cent change in flow.
A decrease in process load of any appreciable magnitude, however,
shifts the operating point of the final element and causes a change in the
characteristics of the system. If the new load is at load B in Fig. 8-6,
a change in the resultant effect of the proportional band is produced. A
deviation of the controlled variable of 1 per cent now results in a 3.5
per cent change in flow. The controlled system will now react as
though the proportional band had been reduced to 17 per cent when it
has not actually been changed.
If the controller has been set to produce a desired recovery curve at
load A, it will undoubtedly cycle excessively at load B,. If the cycle is
to be eliminated, the proportional band must be increased to 90 per
cent, in this example, in order to return to the type of recovery originally
Although this example is exaggerated in order to illustrate the effect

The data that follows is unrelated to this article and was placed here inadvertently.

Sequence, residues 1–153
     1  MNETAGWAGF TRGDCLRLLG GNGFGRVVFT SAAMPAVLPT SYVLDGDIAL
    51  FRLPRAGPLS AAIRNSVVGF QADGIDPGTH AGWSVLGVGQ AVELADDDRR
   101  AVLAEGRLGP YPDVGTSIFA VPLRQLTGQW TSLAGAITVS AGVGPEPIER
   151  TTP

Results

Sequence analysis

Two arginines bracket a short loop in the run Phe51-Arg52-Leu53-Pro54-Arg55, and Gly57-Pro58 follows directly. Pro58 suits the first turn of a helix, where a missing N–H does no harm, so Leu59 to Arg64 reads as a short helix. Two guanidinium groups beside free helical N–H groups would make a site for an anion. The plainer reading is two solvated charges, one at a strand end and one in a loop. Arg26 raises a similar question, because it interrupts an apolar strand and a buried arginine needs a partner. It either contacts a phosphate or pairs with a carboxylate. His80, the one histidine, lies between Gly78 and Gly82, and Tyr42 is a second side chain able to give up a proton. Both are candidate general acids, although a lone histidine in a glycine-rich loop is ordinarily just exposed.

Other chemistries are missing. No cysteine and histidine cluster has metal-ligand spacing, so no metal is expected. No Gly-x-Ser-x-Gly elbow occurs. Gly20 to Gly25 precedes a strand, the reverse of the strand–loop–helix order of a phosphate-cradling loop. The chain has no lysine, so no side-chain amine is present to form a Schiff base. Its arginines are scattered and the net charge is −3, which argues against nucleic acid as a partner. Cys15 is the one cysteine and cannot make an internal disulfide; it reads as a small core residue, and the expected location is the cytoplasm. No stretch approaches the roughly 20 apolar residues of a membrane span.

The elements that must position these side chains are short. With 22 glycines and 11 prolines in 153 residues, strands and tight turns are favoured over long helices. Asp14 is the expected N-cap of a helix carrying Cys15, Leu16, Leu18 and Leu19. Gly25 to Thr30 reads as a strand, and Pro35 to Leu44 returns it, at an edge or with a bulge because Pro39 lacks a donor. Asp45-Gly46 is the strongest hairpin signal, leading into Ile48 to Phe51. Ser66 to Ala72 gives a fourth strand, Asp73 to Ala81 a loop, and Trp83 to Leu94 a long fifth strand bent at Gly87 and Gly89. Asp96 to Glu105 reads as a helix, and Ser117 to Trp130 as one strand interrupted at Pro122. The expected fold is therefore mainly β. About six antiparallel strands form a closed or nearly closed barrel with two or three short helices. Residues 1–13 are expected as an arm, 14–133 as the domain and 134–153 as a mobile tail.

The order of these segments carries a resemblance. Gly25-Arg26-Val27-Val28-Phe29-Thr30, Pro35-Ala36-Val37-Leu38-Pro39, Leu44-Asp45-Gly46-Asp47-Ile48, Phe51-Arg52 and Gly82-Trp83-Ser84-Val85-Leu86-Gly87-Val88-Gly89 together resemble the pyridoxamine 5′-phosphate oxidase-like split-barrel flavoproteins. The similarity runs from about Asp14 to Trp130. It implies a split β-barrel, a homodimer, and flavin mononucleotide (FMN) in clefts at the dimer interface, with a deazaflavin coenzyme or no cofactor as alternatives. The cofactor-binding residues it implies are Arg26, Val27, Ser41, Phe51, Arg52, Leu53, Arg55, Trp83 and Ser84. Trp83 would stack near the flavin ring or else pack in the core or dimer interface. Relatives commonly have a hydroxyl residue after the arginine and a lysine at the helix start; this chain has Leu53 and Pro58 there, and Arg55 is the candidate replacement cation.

of the magnitude of the process load, the control system may sometimes
need special consideration from this standpoint. The actual characteris-
tic of the final control element, from consideration of controller and final
dement only^ should be Imear that is, it should provide equal increments

of flow for equal increments of change in position. A linear charac-

teristic always results in a constant overaU proportional band at all
average positions of the final element.

If the controller can be set to a small proportional band by virtue of

small transfer lag, smaU dead time, and small process reaction rate, the